Here is final part of our series of posts by guest blogger Jay Jordan, a Marketing senior here at EMU. He has been focusing on turning academic success at college into career success in the field. This week: the easiest and most practical tips on how to directly transform academic success into career success and finally how to approach building your skill set to prepare you for work.
Practice the discipline of articulating your world (in field). I own and use a Mac, and there is a great dictionary/thesaurus that comes built-in with the computer. Learn different words and their Latin or Greek roots, so that you can start making connections between words that people say. Vocabulary can be a very useful tool, not just to impress people with your verbose language, but so that you can pick the best word possible in communication!
Don’t just participate in culture, but make an effort in curating it (external to field). Not everything on Reddit or Tumblr is important, not everything even in the Wall Street Journal will be relevant to you at this moment. But if you make an effort to know a little bit about everything, you can begin to understand the dynamics of our world, and can even start making connections between one field or area of study to bring value to another. Start with your curriculum and general education requirements; they’re designed to help you with that. Then follow some important people in your field on Twitter or forms of social media. It might be a great idea to attend a conference in your field and network with those you wish to emulate.
Use the popular obvious resources as signposts. Use critics in every field to help you discern what is the good stuff in that field, you don’t have to go out and figure it all out by yourself! If a movie or new album is popular, there must be something to it, go find out what that is. A word of caution: in our consumerist world, a new movie may be heralded as “best blockbuster of the summer,” but is that claim coming from a source of academic review and critism or a paid publicist who simply wants to make you go? Nowadays, a quick Google search can help discern that question. Do commentators discuss the social implications of the film, or are all the comments “I’m a huge fan,” “it was really good,” or even the deceptively authoritative “refreshing with a great performance.” And if it’s legit, what is it about the movie that makes it worth the experience? This can be applied equally to other forms of media as well, not just the silver screen.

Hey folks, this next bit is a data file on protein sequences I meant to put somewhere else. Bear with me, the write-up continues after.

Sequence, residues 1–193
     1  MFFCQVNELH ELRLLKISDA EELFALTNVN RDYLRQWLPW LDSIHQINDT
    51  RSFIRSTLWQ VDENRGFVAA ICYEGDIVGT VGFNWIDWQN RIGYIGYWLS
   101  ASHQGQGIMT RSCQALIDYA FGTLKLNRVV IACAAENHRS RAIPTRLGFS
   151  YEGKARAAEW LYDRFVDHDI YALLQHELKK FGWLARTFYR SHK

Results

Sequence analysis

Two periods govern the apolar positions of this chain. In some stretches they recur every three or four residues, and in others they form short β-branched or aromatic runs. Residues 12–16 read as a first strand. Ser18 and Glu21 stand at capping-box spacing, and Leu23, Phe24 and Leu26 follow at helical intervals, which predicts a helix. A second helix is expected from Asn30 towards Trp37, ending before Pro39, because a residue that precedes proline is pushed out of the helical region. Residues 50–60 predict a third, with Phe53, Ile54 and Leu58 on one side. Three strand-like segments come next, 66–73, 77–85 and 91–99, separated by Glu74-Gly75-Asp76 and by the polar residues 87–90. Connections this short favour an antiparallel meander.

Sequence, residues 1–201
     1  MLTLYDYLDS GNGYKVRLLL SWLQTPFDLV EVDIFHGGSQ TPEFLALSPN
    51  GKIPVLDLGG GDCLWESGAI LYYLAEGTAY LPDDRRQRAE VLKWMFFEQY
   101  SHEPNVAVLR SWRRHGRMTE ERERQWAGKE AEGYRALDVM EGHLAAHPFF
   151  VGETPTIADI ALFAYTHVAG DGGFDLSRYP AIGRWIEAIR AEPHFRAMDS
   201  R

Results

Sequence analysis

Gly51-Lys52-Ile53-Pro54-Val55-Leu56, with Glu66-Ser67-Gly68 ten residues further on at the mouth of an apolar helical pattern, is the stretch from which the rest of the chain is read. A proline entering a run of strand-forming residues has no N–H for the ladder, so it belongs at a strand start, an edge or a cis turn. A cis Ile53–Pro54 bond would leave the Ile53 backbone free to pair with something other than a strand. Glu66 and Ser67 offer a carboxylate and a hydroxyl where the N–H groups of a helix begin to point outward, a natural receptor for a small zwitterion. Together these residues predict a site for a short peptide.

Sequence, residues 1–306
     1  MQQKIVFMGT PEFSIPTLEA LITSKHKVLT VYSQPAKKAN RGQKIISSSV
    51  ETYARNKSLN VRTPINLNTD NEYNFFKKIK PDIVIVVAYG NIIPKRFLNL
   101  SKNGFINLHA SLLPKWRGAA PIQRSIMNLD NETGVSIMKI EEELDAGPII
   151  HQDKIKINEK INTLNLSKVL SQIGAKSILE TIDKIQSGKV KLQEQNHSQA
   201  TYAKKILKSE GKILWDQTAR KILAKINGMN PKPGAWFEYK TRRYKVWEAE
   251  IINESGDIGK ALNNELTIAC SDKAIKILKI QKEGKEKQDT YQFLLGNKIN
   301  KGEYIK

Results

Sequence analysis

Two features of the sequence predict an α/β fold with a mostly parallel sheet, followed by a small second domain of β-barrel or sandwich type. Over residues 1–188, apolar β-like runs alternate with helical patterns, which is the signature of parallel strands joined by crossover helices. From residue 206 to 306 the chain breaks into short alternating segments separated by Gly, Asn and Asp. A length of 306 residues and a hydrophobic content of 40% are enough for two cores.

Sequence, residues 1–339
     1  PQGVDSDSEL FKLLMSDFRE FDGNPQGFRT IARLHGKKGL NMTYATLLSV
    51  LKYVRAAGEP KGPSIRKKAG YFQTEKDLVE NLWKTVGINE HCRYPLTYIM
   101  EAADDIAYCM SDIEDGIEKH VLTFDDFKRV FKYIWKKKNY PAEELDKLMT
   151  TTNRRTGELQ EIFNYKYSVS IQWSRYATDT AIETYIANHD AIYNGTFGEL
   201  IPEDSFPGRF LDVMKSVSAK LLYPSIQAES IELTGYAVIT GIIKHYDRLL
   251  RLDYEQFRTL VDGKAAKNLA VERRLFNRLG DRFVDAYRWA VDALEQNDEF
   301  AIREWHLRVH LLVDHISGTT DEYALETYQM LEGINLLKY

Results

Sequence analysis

Read books. Articles are ok, blogs are ok, Twitter is even ok, but books are where the real potential learning and education is. Any chump with access to a Starbucks can write a blog post and make it look good (myself included), but the best knowledge is written and worked on for months, then passes through an editor, a publicist, countless reviewers, then is finally critiqued and promoted and if you hear about it, it’s probably because it’s a stand-out book. The knowledge contained in the pages probably means something. On average, I’ve read 3.4 pages a day since 2011. That’s ten minutes between classes or waiting for the bus, but it’s accumulated to over 30 books in the past four years.
Apply your education ASAP. “Get an internship in your field” is sound advice, even if you have to do some of the boring optimized “burger flipping” of your field. You’ll also be around adults who are versed in articulating that world, so you’ll be much more able to learn from them than from your peers. And that knowledge will come from those who made it, not just your professors, and that’s always a reassuring thing.
Again, special thanks to Jay Jordan, who is a super-senior from Cincinnati, Ohio, studying Marketing with a minor in Sociology. He enjoys drums of all kinds, and in his spare time enjoys catching up on classic books. His dream is to start a local business that provides spaces for individuals to learn and grow.